CDOT Reps Portray I-70 Widening as Inevitable

CDOT representatives pitched ideas for the highway cap to Elyria Swansea residents last night. The I-70 project still has to clear a major hurdle, but that's not stopping the plans for the cap or the accompanying lane widening from moving forward.
CDOT representatives pitched ideas for a proposed two-block highway cap, part of the I-70 widening project, to Elyria Swansea residents last night. The I-70 widening still has to go through the environmental review process, but it is being portrayed as a done deal. Photo: Dave Sachs

Residents barely outnumbered the representatives pitching them on the new I-70 “cover” last night at a public meeting in Elyria Swansea. The speakers painted the project — linked to the expensive, traffic-generating I-70 widening — as a done deal.

Advocacy efforts to re-route the highway are still active, but face an intransigent Colorado Department of Transportation, which has deemed the option unviable, and Mayor Michael Hancock, who officially declared his support for the $1.8 billion design in 2013.

The highway widening project has yet to complete the environmental review process, but barring a lawsuit or drastic policy reversal, the wider I-70 is on track to be built. Once the highway has been lowered below street grade, a two-block parcel of land will be built on top of it.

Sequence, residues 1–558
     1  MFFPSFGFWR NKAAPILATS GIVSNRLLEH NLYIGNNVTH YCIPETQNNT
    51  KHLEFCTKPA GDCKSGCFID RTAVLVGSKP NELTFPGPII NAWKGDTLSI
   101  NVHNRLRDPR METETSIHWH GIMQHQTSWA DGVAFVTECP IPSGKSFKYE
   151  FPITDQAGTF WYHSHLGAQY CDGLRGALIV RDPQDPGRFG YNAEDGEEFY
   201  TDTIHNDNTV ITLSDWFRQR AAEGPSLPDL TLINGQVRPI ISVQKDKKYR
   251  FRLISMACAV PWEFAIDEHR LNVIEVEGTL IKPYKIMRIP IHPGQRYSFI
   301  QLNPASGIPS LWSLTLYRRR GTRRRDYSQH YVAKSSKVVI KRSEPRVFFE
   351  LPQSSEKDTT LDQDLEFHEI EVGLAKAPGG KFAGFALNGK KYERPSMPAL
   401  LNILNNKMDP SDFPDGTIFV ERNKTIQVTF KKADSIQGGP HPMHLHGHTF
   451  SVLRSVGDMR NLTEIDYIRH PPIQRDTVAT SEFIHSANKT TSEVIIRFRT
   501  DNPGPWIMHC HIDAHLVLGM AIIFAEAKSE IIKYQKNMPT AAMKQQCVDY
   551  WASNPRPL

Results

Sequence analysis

CDOT, city employees, and consultants kept up the appearance of inevitability last night at the Swansea Recreation Center, where they pitched two similar versions of the highway cover. Neighborhood residents gave their opinions, which CDOT representatives said will guide the final design.

“We want to gather information and input from all of you,” a meeting facilitator told the sparse crowd. “There are not going to be any decisions made in this meeting. We’re going to make a decision later this summer.”

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  • bike5280

    My understanding is that without the additional toll lanes there is not sufficient funding available. Toll lanes have essentially become mandatory for big projects like this in colorado.

    Of course, expanding I-70 not long after rail is completed along the same corridor seems like a good way to sabotage fasttrack’s success (similiar to the $100 million CDOT is spending to speed up traffic on 6th Ave while the new lightrail travels at a crawl.)

    • neroden

      I thought the toll roads were barely breaking even. Are the tolls actually going to provide enough funding, or is this going to be bailed out by general fund money?